When asked to write a piece on Louis Armstrong (1901-1971), the sensible response is to run away screaming — for several reasons. Over the last half-century, Armstrong has been written about extensively, by some of the most renowned writers on pop culture. Every nook and cranny of his life has been explored, his legacy assessed, reassessed, and reaffirmed, moreso than any other American musical artist. His centrality to the development of jazz, and by extension of all American popular music, simply can’t be overstated. All roads lead to Louis. So what could I possibly add?
My thoughts moved to the place of jazz and of Louis Armstrong in my own musical life, and within the culture. I sometimes grieve that very few American music listeners really see the connection between “old-timey” music and the recordings they enjoy now. I perceive that we have niche-marketed ourselves into thinking of music as “here and now,” instead of a tapestry woven by many thousands of people, a history that is central to our identity(s).
A focus of my pop culture writing (and frankly, of my own brain) is the simple fact that everything comes from Something Else. What’s staggering about Louis Armstrong is that he’s a bit of a bottleneck in so many journeys back to the source of contemporary musical life. At some point or another, you bump into his legacy as a significant factor in the etymology of so many “terms” in our shared musical language. He just dropped a bomb on the place, people… and the signs are everywhere.
So, almost a century after Louis Armstrong came to prominence with the earth-shattering Hot Five recordings and his brief but crucial time with Fletcher Henderson, single-handedly changing the definition of an instrumental voice, I won’t try to tell you what you can look up for yourself. I’m going to direct my words elsewhere. This is a love letter to Louis:
You changed everything. You invented the world that I love. Your musical ‘mind’ is present in every pop vocal and instrumental performance of the last ninety years, whether by reflection or comparison. You were a one-man revolution, an epiphany writ large.
When jazz horn players were either noodling or playing staccato riffs, you showed them how to sing with a wind instrument. But you did so much more than that. You modeled an entirely new relationship between player and instrument, in a way so powerful that hearing you was a quasi-religious experience. You preached with that horn, you grieved, you told stories.
The impact of your recordings and performances was like a wave of stunning revelation sweeping across American musical life (not to mention the culture in general). No one could play the same way anymore. New techniques, new understandings, were instantly required. The closest analogy for more recent generations might be the way the Beatles made Bobby Vinton virtually irrelevant overnight.
But despite their genius, the Beatles were synthesists and scavengers. You were an original. You were a blowtorch set to musty papers in an archive, moldy books full of rules that kept the fire of music, the shamanistic power of music, from the people.
When you played, time stopped. No — you took hold of time, and bent it to the imperatives of the story you had chosen. You slid and moved with bewildering creativity through the beat, but you also slid among and across the kaleidoscope of emotions and experience which had been denied, bleached out of American popular music.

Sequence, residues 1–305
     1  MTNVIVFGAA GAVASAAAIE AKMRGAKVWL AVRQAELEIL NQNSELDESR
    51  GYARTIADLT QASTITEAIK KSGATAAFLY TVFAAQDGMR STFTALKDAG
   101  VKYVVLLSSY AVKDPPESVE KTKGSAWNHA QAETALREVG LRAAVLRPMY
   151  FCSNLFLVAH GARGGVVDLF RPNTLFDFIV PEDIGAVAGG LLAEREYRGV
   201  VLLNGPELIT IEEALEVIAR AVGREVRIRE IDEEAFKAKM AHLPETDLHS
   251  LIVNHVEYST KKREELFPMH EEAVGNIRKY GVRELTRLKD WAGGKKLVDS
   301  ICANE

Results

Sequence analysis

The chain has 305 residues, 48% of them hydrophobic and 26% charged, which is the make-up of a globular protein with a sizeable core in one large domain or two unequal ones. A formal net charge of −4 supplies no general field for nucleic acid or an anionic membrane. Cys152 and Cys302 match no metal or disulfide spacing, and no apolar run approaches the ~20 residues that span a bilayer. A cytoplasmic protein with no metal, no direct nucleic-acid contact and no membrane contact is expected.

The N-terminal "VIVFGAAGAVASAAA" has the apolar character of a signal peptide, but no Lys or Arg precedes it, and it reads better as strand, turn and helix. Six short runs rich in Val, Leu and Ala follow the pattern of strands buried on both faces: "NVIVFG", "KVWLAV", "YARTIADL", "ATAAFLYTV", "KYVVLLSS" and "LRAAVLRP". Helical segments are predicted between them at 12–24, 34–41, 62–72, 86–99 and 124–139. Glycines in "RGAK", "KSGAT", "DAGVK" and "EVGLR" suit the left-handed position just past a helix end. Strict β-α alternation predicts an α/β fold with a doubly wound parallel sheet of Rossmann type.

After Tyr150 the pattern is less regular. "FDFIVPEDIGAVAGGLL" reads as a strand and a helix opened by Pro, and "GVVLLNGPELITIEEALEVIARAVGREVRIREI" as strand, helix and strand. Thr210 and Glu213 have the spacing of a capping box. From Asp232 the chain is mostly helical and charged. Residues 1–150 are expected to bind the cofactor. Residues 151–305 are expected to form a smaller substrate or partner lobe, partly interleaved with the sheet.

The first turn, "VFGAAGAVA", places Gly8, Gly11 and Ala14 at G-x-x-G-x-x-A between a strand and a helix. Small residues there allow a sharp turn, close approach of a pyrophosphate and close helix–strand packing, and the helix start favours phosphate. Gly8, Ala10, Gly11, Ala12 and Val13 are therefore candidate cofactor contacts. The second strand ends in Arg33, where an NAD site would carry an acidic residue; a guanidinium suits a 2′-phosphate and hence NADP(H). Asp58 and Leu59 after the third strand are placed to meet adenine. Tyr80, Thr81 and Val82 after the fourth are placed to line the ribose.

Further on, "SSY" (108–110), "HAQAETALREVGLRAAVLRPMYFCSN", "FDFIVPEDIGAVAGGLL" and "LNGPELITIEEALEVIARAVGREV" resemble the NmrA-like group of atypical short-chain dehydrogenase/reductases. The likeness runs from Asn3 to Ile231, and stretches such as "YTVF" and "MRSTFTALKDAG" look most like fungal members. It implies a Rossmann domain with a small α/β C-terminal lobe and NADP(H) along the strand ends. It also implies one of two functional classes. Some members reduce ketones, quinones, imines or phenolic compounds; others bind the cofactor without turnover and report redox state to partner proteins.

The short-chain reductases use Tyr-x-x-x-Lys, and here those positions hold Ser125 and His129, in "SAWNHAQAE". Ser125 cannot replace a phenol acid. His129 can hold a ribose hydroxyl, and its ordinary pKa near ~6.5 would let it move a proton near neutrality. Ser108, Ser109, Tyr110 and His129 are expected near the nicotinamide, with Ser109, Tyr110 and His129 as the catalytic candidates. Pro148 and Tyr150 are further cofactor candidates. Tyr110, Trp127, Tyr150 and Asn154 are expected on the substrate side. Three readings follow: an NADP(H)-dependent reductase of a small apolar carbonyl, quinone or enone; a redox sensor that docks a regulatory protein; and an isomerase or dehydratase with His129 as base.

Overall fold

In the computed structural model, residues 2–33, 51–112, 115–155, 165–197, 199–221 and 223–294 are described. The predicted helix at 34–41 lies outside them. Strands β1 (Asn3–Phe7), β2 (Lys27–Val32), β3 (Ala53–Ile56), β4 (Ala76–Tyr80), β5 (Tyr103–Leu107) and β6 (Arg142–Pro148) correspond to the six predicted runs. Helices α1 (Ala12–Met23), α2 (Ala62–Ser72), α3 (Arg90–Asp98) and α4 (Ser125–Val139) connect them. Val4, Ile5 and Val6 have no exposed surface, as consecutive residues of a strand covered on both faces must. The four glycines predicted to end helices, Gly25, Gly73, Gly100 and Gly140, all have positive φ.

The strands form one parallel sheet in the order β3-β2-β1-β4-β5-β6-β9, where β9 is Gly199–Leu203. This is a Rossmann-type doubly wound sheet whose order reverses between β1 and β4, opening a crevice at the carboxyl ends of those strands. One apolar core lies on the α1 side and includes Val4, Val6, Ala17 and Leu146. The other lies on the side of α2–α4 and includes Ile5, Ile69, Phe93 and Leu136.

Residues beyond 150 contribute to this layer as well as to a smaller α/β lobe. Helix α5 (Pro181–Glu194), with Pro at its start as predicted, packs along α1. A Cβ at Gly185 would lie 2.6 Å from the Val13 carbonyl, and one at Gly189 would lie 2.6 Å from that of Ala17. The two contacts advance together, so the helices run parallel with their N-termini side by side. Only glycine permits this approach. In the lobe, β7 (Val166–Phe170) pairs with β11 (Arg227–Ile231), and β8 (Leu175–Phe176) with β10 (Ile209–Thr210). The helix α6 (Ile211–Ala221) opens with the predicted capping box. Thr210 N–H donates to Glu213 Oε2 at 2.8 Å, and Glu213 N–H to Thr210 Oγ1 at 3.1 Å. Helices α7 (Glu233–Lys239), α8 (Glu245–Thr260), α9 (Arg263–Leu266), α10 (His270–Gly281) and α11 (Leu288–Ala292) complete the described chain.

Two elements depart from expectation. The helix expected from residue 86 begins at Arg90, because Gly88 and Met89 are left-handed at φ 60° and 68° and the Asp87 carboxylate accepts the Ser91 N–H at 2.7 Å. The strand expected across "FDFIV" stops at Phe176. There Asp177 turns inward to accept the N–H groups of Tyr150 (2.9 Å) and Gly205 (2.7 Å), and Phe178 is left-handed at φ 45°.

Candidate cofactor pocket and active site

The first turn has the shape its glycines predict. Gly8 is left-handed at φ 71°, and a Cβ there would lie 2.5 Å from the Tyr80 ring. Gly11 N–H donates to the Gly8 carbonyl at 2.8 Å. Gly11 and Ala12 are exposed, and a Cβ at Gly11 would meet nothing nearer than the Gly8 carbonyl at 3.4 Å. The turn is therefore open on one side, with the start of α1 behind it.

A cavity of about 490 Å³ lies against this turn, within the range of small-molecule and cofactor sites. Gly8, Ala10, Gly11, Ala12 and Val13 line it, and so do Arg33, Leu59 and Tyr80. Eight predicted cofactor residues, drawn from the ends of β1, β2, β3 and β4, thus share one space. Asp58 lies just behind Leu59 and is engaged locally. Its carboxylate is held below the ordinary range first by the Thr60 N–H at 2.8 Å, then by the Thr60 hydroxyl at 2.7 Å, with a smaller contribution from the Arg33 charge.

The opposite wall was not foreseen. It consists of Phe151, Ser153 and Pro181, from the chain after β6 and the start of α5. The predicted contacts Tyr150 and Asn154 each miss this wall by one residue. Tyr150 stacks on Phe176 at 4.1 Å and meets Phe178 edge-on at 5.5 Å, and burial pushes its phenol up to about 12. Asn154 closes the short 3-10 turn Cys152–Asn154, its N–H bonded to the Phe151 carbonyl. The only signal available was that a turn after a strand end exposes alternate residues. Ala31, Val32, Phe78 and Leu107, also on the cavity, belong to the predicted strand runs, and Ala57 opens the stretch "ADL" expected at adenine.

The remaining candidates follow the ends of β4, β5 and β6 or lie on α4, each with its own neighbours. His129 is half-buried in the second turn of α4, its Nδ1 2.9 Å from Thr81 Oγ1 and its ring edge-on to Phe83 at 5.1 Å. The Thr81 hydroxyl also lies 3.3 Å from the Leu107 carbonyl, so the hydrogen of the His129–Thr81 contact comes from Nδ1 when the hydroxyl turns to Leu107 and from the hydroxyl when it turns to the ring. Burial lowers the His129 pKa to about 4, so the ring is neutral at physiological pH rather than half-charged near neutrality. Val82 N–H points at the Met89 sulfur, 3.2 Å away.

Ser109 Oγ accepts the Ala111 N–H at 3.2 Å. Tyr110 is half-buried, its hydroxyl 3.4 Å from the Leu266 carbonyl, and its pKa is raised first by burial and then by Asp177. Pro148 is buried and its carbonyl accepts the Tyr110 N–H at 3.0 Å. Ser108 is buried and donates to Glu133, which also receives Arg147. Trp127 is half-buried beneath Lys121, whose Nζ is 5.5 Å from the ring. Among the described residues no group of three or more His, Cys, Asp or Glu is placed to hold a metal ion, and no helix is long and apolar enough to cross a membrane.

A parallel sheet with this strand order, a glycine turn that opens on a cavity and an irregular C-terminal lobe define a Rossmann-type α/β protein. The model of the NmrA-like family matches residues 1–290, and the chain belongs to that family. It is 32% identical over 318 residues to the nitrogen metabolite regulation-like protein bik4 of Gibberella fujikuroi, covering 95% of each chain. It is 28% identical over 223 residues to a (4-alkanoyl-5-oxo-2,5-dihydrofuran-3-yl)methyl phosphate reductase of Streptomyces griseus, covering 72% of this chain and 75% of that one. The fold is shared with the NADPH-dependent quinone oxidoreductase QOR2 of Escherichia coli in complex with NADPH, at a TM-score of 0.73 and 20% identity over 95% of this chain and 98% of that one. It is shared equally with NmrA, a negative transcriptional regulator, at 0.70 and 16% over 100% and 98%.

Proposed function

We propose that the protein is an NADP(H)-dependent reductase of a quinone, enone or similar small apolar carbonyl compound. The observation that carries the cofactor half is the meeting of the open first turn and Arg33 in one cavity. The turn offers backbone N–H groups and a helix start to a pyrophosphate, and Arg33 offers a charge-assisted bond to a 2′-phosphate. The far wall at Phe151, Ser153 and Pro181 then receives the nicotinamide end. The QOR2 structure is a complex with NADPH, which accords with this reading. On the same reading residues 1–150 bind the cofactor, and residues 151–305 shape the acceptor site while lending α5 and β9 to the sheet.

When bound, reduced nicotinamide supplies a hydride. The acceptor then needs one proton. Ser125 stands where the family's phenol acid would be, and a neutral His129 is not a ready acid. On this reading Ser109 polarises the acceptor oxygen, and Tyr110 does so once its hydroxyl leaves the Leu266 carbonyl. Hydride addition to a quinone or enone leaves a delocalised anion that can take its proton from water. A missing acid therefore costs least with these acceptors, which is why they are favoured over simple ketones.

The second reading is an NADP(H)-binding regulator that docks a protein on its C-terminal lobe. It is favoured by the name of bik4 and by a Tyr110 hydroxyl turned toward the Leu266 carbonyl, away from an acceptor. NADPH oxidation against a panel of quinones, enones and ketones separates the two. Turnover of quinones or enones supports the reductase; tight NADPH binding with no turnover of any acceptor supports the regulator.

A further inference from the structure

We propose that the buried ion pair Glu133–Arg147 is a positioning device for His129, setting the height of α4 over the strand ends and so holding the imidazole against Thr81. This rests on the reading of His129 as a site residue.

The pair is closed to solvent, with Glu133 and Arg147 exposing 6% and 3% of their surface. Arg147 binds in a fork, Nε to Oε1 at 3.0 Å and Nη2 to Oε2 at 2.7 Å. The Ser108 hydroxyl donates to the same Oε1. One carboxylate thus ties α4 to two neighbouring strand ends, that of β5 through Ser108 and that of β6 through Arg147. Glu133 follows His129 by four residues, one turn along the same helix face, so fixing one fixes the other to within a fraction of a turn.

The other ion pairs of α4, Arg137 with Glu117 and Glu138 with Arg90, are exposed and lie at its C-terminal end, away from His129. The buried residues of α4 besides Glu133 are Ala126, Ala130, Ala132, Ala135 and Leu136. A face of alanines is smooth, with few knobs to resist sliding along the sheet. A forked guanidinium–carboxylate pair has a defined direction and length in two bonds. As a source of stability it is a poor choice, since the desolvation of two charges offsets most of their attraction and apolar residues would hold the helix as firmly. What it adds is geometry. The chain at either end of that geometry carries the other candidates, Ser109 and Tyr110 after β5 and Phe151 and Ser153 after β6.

You taught us clarity of emotion through spontaneity of expression. You taught us that every instrument is just a surrogate voice. You taught us that all musical performance is storytelling. You taught us that the more life and truth the notes carry, the less of them one needs. You opened the ears of millions to the richness and depth of music across genres and cultural zones.
And with all of these words, these scratching attempts to gather together some picture of your legacy and the sheer beauty of your work… when I think of you, Louis, I always think first of your entrances. The way everything around you sounds different as soon as you have pushed air through metal. The way attention is galvanized with stunning force. The way you manifest power and gentleness in every phrase.
I thank you for the astounding gift of each of those moments. I thank you for every time that your musical mind reached through the horn and showed mine the beauty that life and sound can offer.
Thank you, Louis Armstrong.”
Photo of Louis Armstrong by Tom Morton of the Hochberg Photo Collection
[…] Related: “All Roads Lead to Louis Armstrong” […]
Well, sure, but Armstrong had his teachers, notably, King Oliver, and the ever elusive Buddy Bolden had to have influenced Oliver. And Armstrong had an equally gifted contemporary, Bix Beiderbecke, whose style could accurately be described as the opposite of Armstrong’s.
Armstrong isn’t the Jesus of American popular music, because he, too, was a scavenger and a synthesist. That doesn’t detract from his genius, either. Richard Sudhalter’s magnificent book, “Lost Chords,” shows that New Orleans jazz was invented by “committee,” whites as well as blacks, and people of every kind and combination of ancestry, starting embryonically as far back as the post bellum era. You can hear harbingers of it in the work of the Jewish, New Orleans composer, Louis Gottschalk, who lived in the mid 19th century.
But Armstrong learned so much from King Oliver, and he had an equally brilliant, if opposite – in – style contemporary, Bix Beiderbecke. New Orleans jazz was the stew pot to which hundreds of New Orleans musicians, of every ethnicity and combination, had been contributing for decades. You can hear harbingers of it in the mid 19th century New Orleans based Jewish composer, Louis Gottschalk.